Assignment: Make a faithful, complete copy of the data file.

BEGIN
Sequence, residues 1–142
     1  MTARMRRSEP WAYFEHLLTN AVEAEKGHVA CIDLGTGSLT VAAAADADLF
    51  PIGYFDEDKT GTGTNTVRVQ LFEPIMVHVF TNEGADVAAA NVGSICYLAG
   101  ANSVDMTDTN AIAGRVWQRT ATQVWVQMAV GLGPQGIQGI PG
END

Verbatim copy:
Sequence, residues 1–142
     1  MTARMRRSEP WAYFEHLLTN AVEAEKGHVA CIDLGTGSLT VAAAADADLF
    51  PIGYFDEDKT GTGTNTVRVQ LFEPIMVHVF TNEGADVAAA NVGSICYLAG
   101  ANSVDMTDTN AIAGRVWQRT ATQVWVQMAV GLGPQGIQGI PG